RICHMOND – “It is time to review some of our practices for groups at low risk of severe COVID-19 illness, especially those whose side effect is a significant limitation in access to daycare, school or at work,” the Virginia state health commissioner said. Colin M. Greene in a statement to the public on June 16.
Effective immediately, the Virginia Department of Health has updated its website and revised its quarantine guidelines for COVID-19, in some cases significantly.
These changes reflect COVID’s progression from an acute pandemic to a more endemic state, Greene said.
To explain the changes, the commissioner provided data on adult and child immunity rates.
COVID-19 immunity rate
- Evidence from the Centers for Disease Control suggests that well over 75% of children have post-infection immunity to COVID-19, in addition to any vaccine-derived protection.
- Immunity rates in adults between vaccination and post-infection probably exceed 90%.
- There is evidence that post-infection immunity can be effective for six months or more.
As a result, quarantine and isolation guidelines now reflect these immunity rates.
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COVID-19 Quarantine Guide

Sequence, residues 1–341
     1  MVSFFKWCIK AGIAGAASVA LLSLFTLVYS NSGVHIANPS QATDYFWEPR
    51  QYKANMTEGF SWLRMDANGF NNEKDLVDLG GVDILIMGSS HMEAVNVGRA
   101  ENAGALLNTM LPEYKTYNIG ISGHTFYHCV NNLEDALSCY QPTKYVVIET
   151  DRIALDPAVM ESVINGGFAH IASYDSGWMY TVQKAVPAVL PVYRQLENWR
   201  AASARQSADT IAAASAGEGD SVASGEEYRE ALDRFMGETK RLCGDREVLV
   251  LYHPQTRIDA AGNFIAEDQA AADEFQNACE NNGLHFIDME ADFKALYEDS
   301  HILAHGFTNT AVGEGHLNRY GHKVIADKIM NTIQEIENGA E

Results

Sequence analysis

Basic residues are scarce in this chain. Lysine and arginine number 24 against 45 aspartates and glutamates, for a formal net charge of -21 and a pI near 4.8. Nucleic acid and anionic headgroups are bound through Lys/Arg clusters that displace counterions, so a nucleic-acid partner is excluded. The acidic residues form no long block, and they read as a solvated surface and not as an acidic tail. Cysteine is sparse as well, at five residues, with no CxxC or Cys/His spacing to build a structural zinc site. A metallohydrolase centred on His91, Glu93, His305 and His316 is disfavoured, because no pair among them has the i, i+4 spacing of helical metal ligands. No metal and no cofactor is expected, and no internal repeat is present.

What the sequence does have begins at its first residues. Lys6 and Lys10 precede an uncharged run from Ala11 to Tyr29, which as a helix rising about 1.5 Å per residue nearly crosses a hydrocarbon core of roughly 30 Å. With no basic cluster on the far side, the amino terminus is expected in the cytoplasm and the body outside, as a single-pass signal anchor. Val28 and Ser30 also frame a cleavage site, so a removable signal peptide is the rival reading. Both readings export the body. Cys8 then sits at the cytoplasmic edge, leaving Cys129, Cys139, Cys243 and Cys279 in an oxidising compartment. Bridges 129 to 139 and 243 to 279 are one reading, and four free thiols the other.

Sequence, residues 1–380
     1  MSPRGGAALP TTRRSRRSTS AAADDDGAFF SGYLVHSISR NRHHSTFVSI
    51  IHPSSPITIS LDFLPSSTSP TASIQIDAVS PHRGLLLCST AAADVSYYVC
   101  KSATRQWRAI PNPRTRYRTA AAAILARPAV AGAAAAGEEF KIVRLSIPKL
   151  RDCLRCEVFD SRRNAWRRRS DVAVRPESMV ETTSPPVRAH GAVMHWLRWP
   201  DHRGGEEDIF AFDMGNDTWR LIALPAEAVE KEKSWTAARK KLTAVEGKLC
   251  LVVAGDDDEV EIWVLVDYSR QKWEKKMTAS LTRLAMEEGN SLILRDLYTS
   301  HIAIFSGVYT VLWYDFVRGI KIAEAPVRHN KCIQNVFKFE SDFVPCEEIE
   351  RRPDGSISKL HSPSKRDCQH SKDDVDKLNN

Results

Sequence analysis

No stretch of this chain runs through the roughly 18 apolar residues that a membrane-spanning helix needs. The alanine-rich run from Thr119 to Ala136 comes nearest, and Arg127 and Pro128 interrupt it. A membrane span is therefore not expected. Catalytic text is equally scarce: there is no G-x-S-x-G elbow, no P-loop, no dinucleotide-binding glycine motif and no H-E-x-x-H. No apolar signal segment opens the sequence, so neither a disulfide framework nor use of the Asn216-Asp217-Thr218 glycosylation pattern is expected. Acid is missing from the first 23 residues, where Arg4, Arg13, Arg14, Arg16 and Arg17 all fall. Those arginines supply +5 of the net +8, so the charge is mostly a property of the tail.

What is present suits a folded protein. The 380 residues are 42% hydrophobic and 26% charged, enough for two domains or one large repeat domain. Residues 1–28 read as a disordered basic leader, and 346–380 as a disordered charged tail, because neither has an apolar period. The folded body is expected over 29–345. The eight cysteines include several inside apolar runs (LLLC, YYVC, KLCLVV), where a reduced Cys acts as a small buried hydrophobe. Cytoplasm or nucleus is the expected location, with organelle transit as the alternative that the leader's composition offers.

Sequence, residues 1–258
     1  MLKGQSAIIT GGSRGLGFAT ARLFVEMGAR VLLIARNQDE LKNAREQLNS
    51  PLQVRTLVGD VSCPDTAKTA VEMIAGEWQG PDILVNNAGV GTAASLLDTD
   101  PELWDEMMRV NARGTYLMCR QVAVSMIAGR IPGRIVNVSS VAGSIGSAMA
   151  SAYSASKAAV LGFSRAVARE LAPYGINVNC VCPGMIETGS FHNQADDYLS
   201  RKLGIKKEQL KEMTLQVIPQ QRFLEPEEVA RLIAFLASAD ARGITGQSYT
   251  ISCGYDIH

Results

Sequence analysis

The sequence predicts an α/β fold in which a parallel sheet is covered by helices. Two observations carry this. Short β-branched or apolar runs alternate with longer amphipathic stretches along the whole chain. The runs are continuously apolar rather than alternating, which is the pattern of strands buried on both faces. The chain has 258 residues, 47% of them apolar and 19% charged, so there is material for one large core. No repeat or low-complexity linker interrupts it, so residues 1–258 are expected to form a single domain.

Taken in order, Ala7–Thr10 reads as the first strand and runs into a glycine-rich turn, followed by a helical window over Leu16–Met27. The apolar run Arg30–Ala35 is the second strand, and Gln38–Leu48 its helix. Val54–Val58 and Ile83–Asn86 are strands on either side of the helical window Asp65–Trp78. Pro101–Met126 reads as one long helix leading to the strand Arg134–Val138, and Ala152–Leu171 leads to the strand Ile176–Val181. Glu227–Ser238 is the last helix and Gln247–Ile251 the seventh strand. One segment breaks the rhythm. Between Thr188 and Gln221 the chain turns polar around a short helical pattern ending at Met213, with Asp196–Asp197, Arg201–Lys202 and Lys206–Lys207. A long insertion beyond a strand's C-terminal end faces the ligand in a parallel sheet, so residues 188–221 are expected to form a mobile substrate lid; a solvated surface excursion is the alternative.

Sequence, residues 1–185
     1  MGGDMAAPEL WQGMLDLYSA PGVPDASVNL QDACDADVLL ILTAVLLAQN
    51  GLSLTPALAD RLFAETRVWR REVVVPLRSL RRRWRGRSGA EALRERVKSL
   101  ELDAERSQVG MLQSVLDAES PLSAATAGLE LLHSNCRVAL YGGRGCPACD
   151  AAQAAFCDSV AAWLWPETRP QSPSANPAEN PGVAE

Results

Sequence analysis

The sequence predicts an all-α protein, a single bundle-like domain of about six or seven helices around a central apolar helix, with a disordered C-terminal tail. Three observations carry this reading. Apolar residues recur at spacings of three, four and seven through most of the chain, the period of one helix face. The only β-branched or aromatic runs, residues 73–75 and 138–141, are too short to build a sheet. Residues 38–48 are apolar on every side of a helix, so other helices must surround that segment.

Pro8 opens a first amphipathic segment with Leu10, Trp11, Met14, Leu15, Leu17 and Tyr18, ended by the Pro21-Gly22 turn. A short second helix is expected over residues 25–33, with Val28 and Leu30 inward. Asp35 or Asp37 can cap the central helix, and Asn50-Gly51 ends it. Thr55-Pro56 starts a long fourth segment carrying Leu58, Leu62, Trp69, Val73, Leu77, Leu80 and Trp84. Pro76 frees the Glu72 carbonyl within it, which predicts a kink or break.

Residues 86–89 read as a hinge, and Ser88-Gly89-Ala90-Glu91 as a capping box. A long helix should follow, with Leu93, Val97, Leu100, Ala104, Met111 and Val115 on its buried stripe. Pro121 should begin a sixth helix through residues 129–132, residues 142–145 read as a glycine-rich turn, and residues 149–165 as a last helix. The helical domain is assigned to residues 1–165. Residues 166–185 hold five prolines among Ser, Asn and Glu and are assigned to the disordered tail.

No more quarantine for risk-free situations:
- If a person is exposed to COVID-19, but has tested positive and has recovered from COVID-19 within the past six months, or is up to date on vaccines, or both, that person will no longer be recommended to quarantine.
Instead, that person should monitor for symptoms and follow isolation protocols if they appear. This varies slightly from the CDC guidelines, which define the period of post-infection immunity at 90 days.
“This change will apply to the general public, including but not limited to settings such as K-12 schools and early childhood education settings,” Greene said.
Quarantine remains for high-risk situations:
“Out of an abundance of caution, we will retain the 90-day standard for high-risk situations, including healthcare workers, staff and residents of long-term care facilities, correctional facilities and homeless shelters” , Greene said.
This change only affects quarantine recommendations for individuals and will not impact the state’s case surveillance/classification process for the purposes of reporting probable or confirmed cases to the CDC.
Recommendations for isolation with active disease or an asymptomatic positive test remain unchanged.
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